Save Our Schools has received many objections to the NAPLAN tests from parents, teachers and principals in response to its public call for information on the impact of the tests. Trevor Cobbold, National Convenor of SOS, said that the responses show that NAPLAN is having pernicious effects on Australian education. Continue reading “NAPLAN is a Cancer Eating Away at Education”
The Government’s new school kids bonus grant to families to replace the tax rebate on education expenses is an education payment in name only. There is no requirement that it be spent on education-related expenses. It can be spent on anything. It could all be put into poker machines for all we know.
It will have no impact on student outcomes. The Government might just as well drop the money from a helicopter for all the impact it will have on education.
Barry McGaw, chairman of the Australian Curriculum, Assessment and Reporting Authority (ACARA), says that claims that NAPLAN is creating test-driven schooling are “nonsense” (The Age, 7 May 2012). Yet, the national education ministers’ council is so concerned about excessive test preparation and the narrowing of the curriculum that it recently commissioned ACARA to investigate and report on it. Continue reading “ACARA Ignores Evidence on Teaching to the Test”
Save Our Schools has accused the Australian Curriculum, Assessment and Reporting Authority (ACARA) and other education authorities of actively misleading parents about their right to withdraw their children from the NAPLAN tests. Trevor Cobbold, national convenor of SOS, said that that ACARA’s information brochure for parents on NAPLAN gives the impression that the tests are mandatory. Continue reading “Education Authorities Are Misleading Parents on Withdrawal from NAPLAN Tests”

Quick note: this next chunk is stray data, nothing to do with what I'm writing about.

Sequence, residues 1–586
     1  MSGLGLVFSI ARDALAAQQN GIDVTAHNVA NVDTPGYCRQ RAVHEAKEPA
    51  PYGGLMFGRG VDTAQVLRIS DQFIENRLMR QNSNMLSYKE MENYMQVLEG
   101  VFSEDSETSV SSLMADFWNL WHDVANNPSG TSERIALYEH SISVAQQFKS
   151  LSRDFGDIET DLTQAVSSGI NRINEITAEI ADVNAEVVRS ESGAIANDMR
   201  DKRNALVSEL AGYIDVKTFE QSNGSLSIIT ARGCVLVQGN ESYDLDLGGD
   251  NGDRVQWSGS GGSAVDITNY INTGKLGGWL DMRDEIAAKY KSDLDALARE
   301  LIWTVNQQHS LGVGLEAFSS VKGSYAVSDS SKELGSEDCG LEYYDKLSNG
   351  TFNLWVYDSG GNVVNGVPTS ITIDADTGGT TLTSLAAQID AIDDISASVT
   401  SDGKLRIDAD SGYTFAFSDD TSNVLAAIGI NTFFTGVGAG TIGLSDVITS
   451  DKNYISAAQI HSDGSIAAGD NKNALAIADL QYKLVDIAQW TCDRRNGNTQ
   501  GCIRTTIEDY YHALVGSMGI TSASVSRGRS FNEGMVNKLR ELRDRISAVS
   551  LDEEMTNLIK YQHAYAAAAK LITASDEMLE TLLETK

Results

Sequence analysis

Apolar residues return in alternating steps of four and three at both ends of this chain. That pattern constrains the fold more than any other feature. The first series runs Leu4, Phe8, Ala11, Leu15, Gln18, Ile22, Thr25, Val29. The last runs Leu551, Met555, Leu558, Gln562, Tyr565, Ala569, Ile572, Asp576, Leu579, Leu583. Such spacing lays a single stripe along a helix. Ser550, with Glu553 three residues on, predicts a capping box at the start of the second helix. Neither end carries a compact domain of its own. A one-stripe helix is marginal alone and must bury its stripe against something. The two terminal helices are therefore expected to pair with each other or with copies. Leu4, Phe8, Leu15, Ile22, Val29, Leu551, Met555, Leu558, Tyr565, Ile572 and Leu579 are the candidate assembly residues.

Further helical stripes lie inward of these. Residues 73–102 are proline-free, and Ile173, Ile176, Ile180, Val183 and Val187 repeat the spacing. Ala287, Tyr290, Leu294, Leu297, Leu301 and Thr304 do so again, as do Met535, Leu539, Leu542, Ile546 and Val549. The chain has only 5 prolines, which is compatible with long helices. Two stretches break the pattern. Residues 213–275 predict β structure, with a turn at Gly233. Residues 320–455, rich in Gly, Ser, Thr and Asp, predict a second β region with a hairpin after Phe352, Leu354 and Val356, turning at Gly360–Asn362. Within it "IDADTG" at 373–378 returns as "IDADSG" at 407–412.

These answers to questions about public education in Finland are from Pasi Sahlberg, Director General of the National Centre for International Mobility and Cooperation in Helsinki, Finland, and adjunct Professor at the University of Helsinki and at the University of Oulu. This article was originally published on Pasi Salhberg’s blog on 9 April 2012. Continue reading “The Finnish Way of Public Education”
A new research paper published by Save Our Schools shows that virtually all high SES Catholic combined and secondary schools in Australia are over-funded compared to what they are entitled to according to their socio-economic capacity. Their actual funding per student is higher than the funding rate that applies to their SES score. Other private schools on the same SES scores get much less funding.
The paper challenges claims by Catholic education authorities that they re-distribute funds from high income to disadvantaged Catholic schools. It shows that these claims are misleading and untrue in many cases when actual Federal funding figures on My School are analysed.
A new research paper published by Save Our Schools (SOS) shows that virtually all high income Catholic combined and secondary schools in Australia are over-funded compared to what they are entitled to according to their socio-economic capacity. SOS National Convenor, Trevor Cobbold, said that the report challenges claims by Catholic education authorities that they re-distribute funds from high income to disadvantaged Catholic schools.
Viewers of the ABC’s Lateline last week had a special treat – an evidence-based discussion of education policy. Finland’s director of education, Pasi Sahlberg, was interviewed on the success of his country in international student assessments. He said its success was due to a focus on equity in education.
The Prime Minister’s pointed and repeated refusal to commit, even in principle or in part, to taking up the recommendation of the Gonski review to boost school funding leaves government schools very vulnerable to getting little out of the review. Yet, over-funded private schools will continue to be guaranteed their privileged funding, and many private schools may get even more as the Government goes into an election year. Continue reading “Gillard Should Go it Alone on Gonski”
A puzzling aspect of the Gonski review of school funding is its adherence to the Government’s stated policy that no school would lose a dollar of funding as a result of the review and the apparent absence of this instruction from the terms of reference of the inquiry. Continue reading “Just How Independent was the Gonski Review?”